St Albans, May 2020
Good to see you all here at Ye Olde Fighting Cocks after I abandoned you at this same spot last week.
This place has a long history. It dates back to the 8th century, though this actual building only goes back as far as the 11th century. I won’t retell that long story now. Instead, we are going to follow in the steps of the monks and head to the Cathedral. But we are going overground, whereas the monks had a tunnel from the cellars here to the cathedral, allowing them free passage between beer and prayer when needs required it.
As always, we have a choice of routes. Going to the left of the pub takes us up a road, past the end of the Cathedral and into town, whereas going right walks us up through the grounds (past the ice cream van if the weather is good), through the graveyard and into town.
As your guide today, I’m choosing left. We’ll take a leisurely walk uphill with the Cathedral coming into close view on our right.
Ahead is the Great Gateway of the Monastery, and in these quiet times we can wander through (and take photos) without competing with traffic. On our left, and overhead, is St Albans School. This educational establishment has a long, long history. It was founded in 948 in the Abbey by Wulsin, and was the first school in the world to accept students not intending to join a religious order. In its early life it moved around town to a number of different locations, including the Abbey’s Lady Chapel, but has been here in and next to the gateway since 1871.
St Albans Abbey and gateway
Before passing through the gateway, though, we will take a quick detour to the Cathedral – this is the best end for good views. In fact, this is the end that appeared in season 2 of The Crown, on Netflix, masquerading as Westminster Abbey. This is this facade that enjoys illumination during special events.
Time permitting, and open doors once more allowed, the place is worth exploring inside. There are regular free tours or you can just wander as you wish. Friendly staff are always on hand to answer any questions you may have. They also run occasional tours of the tower – really worth doing if you can coincide your visit with that.
Now we’ll wander through the gateway and veer left on Romeland, taking a few minutes to enjoy the small triangular garden of rest in the middle of the road.
Then we turn right onto George Street, an old street with attractive 15th and 16th century architecture. This old street was a major route between London and the Midlands, and home to a host of coaching inns, many of which now house appealing eateries.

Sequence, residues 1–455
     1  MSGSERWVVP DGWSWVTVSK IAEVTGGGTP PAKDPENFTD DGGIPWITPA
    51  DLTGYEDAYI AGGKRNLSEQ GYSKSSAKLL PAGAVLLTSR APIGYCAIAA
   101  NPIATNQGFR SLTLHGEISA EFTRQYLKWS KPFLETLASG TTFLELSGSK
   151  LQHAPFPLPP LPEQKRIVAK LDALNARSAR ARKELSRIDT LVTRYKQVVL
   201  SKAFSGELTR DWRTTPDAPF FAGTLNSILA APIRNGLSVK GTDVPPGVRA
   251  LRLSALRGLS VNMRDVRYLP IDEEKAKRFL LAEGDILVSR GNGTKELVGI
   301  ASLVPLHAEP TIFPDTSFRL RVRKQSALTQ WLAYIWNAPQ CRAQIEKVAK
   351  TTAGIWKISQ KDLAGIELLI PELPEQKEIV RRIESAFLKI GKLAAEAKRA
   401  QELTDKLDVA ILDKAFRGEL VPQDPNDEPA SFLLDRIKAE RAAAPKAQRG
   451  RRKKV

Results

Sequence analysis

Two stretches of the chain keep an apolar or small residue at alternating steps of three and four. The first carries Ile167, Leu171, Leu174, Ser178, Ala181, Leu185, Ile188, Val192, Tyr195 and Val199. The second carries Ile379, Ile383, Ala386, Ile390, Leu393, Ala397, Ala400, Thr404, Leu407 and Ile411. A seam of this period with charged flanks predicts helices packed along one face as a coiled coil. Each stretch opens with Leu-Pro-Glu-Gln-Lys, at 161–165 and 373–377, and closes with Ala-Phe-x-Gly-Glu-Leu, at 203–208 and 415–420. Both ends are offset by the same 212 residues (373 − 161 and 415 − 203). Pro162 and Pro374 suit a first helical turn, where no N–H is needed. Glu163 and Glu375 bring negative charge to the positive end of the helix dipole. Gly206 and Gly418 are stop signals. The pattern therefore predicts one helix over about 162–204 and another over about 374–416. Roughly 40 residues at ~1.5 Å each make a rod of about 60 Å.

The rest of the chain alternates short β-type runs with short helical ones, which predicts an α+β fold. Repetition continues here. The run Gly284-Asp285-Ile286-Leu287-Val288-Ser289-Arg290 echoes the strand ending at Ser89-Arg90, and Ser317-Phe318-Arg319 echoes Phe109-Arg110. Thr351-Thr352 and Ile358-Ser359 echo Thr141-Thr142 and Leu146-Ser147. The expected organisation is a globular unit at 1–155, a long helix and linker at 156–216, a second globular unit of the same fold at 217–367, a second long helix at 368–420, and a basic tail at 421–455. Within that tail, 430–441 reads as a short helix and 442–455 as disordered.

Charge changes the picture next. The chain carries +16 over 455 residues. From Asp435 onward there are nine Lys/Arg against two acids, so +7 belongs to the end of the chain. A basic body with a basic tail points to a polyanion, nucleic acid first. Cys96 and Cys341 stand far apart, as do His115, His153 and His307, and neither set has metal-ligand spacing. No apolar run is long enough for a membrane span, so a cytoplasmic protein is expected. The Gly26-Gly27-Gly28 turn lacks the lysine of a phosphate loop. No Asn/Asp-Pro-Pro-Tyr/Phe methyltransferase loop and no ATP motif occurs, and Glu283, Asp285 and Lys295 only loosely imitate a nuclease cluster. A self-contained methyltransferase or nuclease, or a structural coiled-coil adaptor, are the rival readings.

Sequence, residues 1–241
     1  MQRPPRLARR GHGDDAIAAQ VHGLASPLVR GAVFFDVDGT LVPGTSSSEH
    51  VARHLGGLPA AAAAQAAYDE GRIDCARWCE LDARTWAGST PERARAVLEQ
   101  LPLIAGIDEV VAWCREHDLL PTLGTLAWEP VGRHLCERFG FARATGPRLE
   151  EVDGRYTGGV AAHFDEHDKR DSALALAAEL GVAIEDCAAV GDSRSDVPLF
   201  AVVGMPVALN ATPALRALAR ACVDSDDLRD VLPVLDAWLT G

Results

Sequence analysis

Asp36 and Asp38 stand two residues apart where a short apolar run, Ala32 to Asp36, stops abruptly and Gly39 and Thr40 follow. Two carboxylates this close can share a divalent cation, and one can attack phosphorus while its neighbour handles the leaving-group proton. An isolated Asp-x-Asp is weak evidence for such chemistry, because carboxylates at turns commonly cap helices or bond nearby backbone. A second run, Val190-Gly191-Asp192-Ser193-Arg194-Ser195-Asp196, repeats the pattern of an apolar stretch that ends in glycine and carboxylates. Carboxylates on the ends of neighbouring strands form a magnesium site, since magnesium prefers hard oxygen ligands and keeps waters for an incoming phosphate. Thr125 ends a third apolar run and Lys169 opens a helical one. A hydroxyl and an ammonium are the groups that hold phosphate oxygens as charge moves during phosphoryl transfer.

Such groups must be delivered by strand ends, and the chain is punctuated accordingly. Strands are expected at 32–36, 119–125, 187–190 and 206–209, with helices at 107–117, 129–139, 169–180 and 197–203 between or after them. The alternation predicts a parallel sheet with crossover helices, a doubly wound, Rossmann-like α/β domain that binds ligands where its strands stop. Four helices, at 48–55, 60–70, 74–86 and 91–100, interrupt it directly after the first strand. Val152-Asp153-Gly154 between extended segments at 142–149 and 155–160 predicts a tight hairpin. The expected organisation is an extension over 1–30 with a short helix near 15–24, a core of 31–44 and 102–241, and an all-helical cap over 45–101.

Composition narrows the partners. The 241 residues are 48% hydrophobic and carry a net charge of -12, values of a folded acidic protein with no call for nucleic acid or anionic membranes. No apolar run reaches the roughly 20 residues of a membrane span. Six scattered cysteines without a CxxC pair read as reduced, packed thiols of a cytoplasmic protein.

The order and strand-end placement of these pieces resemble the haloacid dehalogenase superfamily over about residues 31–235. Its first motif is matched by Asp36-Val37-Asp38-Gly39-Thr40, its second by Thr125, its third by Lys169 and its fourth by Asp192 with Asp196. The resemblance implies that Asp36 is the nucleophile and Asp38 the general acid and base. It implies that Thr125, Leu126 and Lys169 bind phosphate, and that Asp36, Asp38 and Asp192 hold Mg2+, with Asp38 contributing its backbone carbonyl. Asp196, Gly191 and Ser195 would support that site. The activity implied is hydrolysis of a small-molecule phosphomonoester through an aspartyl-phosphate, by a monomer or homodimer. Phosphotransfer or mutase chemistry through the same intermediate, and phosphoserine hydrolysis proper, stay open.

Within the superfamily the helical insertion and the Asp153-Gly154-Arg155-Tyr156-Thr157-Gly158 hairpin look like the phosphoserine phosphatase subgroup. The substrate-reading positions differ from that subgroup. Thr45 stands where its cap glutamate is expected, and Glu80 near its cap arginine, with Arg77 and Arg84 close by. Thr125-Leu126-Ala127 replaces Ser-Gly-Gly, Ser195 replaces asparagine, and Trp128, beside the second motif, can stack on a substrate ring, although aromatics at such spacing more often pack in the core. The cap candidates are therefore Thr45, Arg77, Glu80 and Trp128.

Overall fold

At the top of George Street, there’s another ancient building waiting for us. In fact, this is the only surviving medieval town belfry in England.
St Albans Clock Tower
It was built by the people of St Albans in 1405 as a symbol of their resistance against the power of the abbot of St Albans. The tower and its bells allowed the town to sound its own hours and, until 1863, the curfew. It was also used to ring out for the first Battle of St Albans during the Wars of the Roses in 1455.
It is thoroughly worth a climb up the 93 steps to enjoy the views over St Albans, and to see the clock mechanism. Entrance is only £2 and it is normally open on weekends at Bank Holidays.
Now we are pretty much in the centre of town, with its regular retail, banking, hotels, etc. And a few decent coffee shops, of course! My favourite is Nkora, with serves the most wonderful vegan carrot cake. I’m not vegan but it is simply delicious!! Sadly, it is takeaway only at the moment, but I recommend their iced latte. Also, during lockdown, they are selling some high quality essential food items – the fruit and veg from Covent Garden Market is excellent.
There is also a great market in town on Wednesdays and Saturdays, but operating in limited capacity at the moment, with just a few food stalls.
After grabbing our needed refreshment, we’ll wander back the way we came, cross the road and take an alley opposite the Clock Tower. This takes us back to the Cathedral and its beautiful grounds. There are plenty of benches around, or comfortable grass, where we can take a minute to enjoy our coffee. And be sure to enjoy the views of the Cathedral too.
Then it’s an easy walk back downhill to the old pub at which we started. And we’ll pass the ice cream van that I mentioned earlier.
Just be sure to turn and have a final look back up at the beautiful Cathedral.
Copyright Debbie Smyth, 18 May 2020
Posted as part of Monday Walks